Graduate Admissions Blog

Discover Bank Street Day!

A big thank you to those who organized last week’s “Discover Bank Street Day.” I was very happy to be on the panel for discussion to talk about my experiences here at Bank Street, and share further afterwards in the lobby.

In case you missed it, the day began with welcoming remarks from Amy Greenstein and Dean Virginia Roach, complete with data in a powerpoint showing strong hiring and satisfaction rates among Bank Street graduates compared with similar programs in the city. Then, a panel consisting of 4 students (myself, Samantha Bedol, Shavon Frazier, and Katie Shea) fielded both pre-prepared and on the spot questions, moderated by Associate Director of Graduate Admissions Jesse Nguyen.

It seemed that many accepted students were curious about what made Bank Street different from their other options. This is certainly a relevant question when making a commitment to the school. While each panelist answered with their own variations, one thing we all seemed to agree on was the small class size, availabilty of professors, relevance and scaffolding of assignments, and an overall sense of purpose which permeates through Bank Street’s coursework and experiences.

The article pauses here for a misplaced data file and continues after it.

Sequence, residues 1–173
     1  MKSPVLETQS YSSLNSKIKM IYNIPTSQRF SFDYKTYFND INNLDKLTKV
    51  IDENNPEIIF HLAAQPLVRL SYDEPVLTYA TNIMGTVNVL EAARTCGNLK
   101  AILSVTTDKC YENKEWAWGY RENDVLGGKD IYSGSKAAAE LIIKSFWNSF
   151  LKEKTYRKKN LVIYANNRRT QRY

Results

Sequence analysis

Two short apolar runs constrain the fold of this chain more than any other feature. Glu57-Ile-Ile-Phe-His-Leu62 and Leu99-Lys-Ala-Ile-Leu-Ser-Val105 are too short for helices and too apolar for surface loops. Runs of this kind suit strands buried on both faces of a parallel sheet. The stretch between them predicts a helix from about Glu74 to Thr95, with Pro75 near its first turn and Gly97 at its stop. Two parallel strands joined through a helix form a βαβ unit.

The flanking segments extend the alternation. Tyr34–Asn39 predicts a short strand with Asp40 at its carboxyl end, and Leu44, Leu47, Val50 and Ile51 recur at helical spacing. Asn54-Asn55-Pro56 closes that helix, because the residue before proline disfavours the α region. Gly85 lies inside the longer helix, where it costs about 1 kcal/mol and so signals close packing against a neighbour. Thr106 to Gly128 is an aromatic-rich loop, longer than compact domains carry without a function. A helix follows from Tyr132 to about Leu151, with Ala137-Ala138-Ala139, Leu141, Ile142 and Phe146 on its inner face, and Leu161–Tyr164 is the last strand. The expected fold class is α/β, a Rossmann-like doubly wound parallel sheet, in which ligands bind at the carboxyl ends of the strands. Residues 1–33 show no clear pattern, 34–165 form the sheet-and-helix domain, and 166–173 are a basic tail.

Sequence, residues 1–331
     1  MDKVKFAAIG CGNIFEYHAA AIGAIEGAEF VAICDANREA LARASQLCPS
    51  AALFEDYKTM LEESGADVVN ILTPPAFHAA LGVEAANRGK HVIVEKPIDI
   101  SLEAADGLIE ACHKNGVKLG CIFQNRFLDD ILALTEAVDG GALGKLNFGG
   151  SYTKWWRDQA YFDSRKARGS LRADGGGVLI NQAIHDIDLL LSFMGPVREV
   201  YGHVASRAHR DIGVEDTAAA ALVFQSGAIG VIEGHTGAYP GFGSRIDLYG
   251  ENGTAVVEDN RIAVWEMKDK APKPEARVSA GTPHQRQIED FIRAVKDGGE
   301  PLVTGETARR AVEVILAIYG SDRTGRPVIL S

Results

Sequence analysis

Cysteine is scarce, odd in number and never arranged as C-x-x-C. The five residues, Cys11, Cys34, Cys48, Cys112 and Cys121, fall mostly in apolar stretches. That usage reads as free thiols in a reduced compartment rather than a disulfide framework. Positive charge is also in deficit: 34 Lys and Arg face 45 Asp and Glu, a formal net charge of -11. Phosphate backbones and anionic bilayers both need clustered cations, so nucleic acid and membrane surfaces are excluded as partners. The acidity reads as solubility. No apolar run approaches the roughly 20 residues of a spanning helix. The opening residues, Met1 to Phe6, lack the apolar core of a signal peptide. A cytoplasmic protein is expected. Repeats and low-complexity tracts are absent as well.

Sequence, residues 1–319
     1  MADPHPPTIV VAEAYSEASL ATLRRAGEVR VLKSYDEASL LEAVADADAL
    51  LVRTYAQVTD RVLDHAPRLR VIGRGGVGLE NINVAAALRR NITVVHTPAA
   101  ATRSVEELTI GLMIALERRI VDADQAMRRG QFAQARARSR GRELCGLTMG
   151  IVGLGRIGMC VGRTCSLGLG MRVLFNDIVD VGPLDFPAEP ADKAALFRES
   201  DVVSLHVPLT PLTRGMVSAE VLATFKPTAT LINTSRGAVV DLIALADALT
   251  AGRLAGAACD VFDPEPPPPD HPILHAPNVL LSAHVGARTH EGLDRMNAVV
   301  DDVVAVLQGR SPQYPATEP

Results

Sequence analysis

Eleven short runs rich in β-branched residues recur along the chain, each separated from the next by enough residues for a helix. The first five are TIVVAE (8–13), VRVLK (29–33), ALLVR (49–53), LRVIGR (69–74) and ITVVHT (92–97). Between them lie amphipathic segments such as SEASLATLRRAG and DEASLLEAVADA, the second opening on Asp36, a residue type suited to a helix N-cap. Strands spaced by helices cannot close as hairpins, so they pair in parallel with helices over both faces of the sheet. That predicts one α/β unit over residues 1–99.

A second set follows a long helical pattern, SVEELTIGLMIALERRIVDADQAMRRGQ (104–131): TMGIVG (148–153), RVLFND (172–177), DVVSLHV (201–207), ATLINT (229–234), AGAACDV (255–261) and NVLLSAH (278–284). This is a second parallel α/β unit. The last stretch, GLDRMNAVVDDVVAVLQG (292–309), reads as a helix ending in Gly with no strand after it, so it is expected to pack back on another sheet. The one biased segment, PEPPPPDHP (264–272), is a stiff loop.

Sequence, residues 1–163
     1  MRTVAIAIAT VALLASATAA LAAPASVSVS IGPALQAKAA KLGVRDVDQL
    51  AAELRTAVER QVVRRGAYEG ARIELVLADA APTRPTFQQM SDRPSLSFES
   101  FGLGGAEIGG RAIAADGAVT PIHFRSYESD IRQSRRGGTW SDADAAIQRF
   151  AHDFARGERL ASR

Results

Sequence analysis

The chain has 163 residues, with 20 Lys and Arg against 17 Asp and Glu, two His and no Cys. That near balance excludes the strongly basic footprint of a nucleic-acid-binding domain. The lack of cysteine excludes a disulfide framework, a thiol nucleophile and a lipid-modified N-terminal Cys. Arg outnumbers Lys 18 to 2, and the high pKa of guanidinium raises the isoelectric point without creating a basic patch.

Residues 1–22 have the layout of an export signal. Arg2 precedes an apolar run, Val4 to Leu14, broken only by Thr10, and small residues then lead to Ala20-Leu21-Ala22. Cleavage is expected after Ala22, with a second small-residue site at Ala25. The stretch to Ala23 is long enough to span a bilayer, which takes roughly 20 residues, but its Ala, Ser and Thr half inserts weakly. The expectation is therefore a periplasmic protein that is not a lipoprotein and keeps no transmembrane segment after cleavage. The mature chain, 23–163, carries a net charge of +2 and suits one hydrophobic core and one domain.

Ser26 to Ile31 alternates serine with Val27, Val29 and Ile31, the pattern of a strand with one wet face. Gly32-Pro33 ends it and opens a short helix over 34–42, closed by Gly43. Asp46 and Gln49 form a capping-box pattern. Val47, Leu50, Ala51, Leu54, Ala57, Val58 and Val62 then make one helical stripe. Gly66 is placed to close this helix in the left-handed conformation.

Next the accepted students were invited to the 4th floor classrooms where a few professors gave demonstration courses. I sat in with the engaging Sean O’Shea and his Developmental Variations course lesson. Even on a Saturday morning, among young professionals with much on their minds, Sean steered us to a thoughtful and discussion-filled session about the way we approach working with people with special needs. Getting to the root of stigma and assumption making, the mini lesson was an excellent taste of a Bank Street graduate class, relying on stories of personal experience combined with the terminology and theory of a progressive approach to education.

Afterwards, there were some closing remarks from the admissions department, and the prospective students met with professors and ambassadors from the programs they were interested in. It seemed that a major concern was about timing – how long the degree typically takes and how many credits the program is. These are valid concerns, but also vary greatly from person to person. Some people are able to handle 8 credits over 3 classes in a semester, and still process and appreciate the information, while others may get a much better experience taking 5 credits over 2 courses. I’d suggest meeting with your advisor to talk about work habits, workloads, and personal style before registering.

In all, it was a great day for those involved, and again a thank you to the organizers and other panelists. It was a pleasure to meet you all and be reminded of the high caliber of students Bank Street offers to the field of education.